Coming back to the topic of code structure. I have always assumed that there is some penalty for using object oriented code in JS, and if we could replace it with functions it would be faster. First, I tried a more convenient way, with closures — and it was much slower! Then I tried with having a state parameter for keeping state — it was exactly as fast as the object oriented version!
This challenged my prejudice towards performance of object-oriented JS, which was a positive finding for the future.
Conclusion to the investigation
At this point the result was good enough and we started using the improved code in our services. This was quite easy because pg-types allows setting custom parsers for any of the types.
As a result, we gained visible performance boosts in all of our core services that deal with a lot of time based data.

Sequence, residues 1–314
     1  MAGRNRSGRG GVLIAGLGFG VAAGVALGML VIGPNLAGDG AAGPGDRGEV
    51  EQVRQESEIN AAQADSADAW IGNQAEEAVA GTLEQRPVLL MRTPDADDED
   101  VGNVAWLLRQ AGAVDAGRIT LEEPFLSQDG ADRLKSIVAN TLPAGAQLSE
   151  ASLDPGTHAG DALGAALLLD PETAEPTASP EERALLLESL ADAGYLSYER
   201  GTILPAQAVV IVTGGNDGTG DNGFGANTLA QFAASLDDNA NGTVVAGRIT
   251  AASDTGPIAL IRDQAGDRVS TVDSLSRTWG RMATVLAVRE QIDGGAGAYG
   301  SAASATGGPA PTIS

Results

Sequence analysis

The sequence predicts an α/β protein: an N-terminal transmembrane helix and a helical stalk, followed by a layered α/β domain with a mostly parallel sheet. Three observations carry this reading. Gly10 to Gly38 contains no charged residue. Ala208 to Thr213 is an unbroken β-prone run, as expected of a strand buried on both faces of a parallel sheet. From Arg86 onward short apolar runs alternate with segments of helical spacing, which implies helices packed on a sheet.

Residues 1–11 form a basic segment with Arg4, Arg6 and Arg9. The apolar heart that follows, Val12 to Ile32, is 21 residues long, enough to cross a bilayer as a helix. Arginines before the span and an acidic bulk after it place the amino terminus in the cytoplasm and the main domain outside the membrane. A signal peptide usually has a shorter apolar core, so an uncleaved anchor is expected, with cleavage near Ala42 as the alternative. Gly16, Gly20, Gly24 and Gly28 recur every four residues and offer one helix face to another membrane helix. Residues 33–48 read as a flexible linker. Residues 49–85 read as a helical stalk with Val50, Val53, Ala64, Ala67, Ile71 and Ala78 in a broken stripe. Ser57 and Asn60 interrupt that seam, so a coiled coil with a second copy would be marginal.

So what did we learn from this little adventure? I think the main learning is to not get scared if the profiling shows time being spent in an underlying library. Even libraries that are well established may have suboptimal code in them and it never hurts to take a look. We also learned a little bit about how object-oriented JS can be just as fast as functional code, and we also got to prove ourselves that regular expressions are not always the fastest way to parse something.
We have open-sourced the improved parser, which you can find on GitHub and NPM. It is a direct drop-in replacement for postgres-date, so making use of it is quite simple. Make sure to let us know if you have any further ideas on how to improve the performance.
We have also opened an issue and will follow up on getting this incorporated upstream, so that all users of node-postgres could benefit from this faster parser.